Black and Hispanic West Virginians are still being affected at a higher rate by the COVID-19 pandemic, as the state recorded its highest total of daily positive cases multiple times this week.
Non-white West Virginians made up more than 20% of total positive cases as of Friday evening, according to the state’s COVID-19 dashboard, despite making up less than 7% of the state’s total estimated population.
On May 8, minorities comprised 18.3% of positive cases.
Hispanic West Virginians are nearly 14% of positive cases in the eastern region of the state, said Dr. James Arnaez, the lead epidemiologist at the West Virginia Health Statistics Center. The most recent numbers were accurate as of Tuesday, Arnaez said during Thursday’s minority health task force meeting.
The eastern region is made up of Berkeley, Grant, Hampshire, Hardy, Jefferson, Mineral, Morgan, Pendleton, Pocahontas, Randolph and Tucker counties.
The statewide average number of positive cases per 100,000 residents is 192, Arnaez said. For Hispanic West Virginians in the eastern region, that number is 1,436 positive cases per 100,000 residents.
Statewide, the average rate for Hispanic residents is 662.
For residents designated as “other” races, which includes the Hispanic population, the rate is 2,517 per 100,000.
“I checked to see what rates other states are seeing, and that’s close to what we’ve seen in New York City,” Arnaez said.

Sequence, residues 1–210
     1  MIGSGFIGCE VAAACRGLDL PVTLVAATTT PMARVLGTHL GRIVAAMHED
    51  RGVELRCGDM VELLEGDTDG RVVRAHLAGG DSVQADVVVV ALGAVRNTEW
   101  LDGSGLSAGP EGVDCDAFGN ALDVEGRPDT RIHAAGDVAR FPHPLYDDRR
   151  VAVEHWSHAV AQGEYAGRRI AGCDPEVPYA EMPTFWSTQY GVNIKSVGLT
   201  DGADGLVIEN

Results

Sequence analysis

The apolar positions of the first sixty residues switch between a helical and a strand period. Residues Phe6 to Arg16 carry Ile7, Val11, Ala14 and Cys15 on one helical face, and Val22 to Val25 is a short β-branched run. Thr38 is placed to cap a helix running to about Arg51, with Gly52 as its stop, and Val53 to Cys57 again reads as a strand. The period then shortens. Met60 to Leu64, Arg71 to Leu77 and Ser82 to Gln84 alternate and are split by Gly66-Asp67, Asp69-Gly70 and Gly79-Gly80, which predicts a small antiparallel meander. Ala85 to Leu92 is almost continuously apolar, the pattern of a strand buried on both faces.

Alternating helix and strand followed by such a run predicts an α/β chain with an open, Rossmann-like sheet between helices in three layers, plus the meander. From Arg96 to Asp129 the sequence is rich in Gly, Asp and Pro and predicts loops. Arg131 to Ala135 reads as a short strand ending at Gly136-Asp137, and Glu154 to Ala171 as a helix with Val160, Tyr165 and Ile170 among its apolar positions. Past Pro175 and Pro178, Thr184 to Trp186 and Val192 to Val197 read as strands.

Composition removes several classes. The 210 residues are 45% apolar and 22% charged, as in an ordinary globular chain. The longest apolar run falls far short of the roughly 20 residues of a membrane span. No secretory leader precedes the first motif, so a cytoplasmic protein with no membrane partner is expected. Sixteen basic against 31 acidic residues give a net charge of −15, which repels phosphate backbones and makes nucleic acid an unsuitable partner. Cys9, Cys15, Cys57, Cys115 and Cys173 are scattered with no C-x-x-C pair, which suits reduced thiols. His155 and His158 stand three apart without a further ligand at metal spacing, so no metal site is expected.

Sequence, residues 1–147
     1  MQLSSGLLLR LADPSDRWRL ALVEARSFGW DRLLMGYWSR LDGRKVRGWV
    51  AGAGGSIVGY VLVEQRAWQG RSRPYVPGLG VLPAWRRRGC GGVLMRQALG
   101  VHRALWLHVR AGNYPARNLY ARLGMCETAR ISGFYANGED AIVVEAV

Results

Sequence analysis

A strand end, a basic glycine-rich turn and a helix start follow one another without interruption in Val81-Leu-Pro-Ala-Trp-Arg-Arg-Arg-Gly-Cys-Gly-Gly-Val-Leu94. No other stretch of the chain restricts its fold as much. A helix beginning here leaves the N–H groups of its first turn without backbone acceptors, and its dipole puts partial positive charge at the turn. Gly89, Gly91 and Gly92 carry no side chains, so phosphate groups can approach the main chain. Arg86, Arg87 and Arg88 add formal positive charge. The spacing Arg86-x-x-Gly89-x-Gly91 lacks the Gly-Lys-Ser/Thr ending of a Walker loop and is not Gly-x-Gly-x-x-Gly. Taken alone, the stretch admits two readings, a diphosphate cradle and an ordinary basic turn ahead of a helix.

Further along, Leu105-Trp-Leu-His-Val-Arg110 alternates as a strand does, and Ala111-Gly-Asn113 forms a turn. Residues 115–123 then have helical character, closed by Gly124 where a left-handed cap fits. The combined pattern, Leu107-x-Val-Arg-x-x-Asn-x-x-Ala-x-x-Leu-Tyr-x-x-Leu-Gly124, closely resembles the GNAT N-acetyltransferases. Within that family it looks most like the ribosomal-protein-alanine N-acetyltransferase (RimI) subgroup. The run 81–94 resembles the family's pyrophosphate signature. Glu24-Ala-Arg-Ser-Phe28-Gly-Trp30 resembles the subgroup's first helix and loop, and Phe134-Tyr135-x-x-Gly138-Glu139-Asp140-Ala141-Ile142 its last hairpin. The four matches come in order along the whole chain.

Black West Virginians have seen a small surge in positive cases during the past few weeks, and Arnaez said he expects that number to continue to increase.
The average age for COVID-19 infections has “dropped fairly substantially,” Arnaez said. The statewide average is 37; for Black people, the average age is 26 and for Hispanic residents it’s 33.
Recent cases for Black people are being found predominantly in the eastern and northeastern regions, Arnaez said. The northeastern region includes Barbour, Doddridge, Harrison, Marion, Monongalia, Preston and Taylor counties.
The average hospitalization rate for West Virginia — 10% — is much higher for Black West Virginians, who are hospitalized in 15.6% of cases, Arnaez said. For Hispanic residents, the hospitalization rate is 5.2%.
An average of 4% of positive cases have required an ICU visit, Arnaez said. That number is 5.8% for Black people, but 1.6% for Hispanic people. Two percent of cases on average have required a ventilator — the number is 4% for Black residents.
“Starting around [June 21], we’re seeing new cases per week at levels that really haven’t seen since early April, which kind of shows us that we’re seeing this come back pretty strongly, Arnaez said, echoing recent concerns raised by Dr. Clay Marsh, the state’s coronavirus czar.
Arnaez said the sharp increases in white West Virginians testing positive “are probably the most stark reflection” of the severity of COVID-19 in the state. White residents make up 3,079 of the state’s 3,872 total positive cases as of Friday, including 394 cases from June 29 to July 5.
Black and Hispanic Americans are over-represented in jobs that have been deemed essential, which has contributed to the disproportionate toll COVID-19 has taken on minority communities across the country, according to the federal Centers for Disease Control and Prevention; and “long-standing systemic health and social inequities have put some members of racial and ethnic minority groups at increased risk of getting COVID-19 or experiencing severe illness, regardless of age.”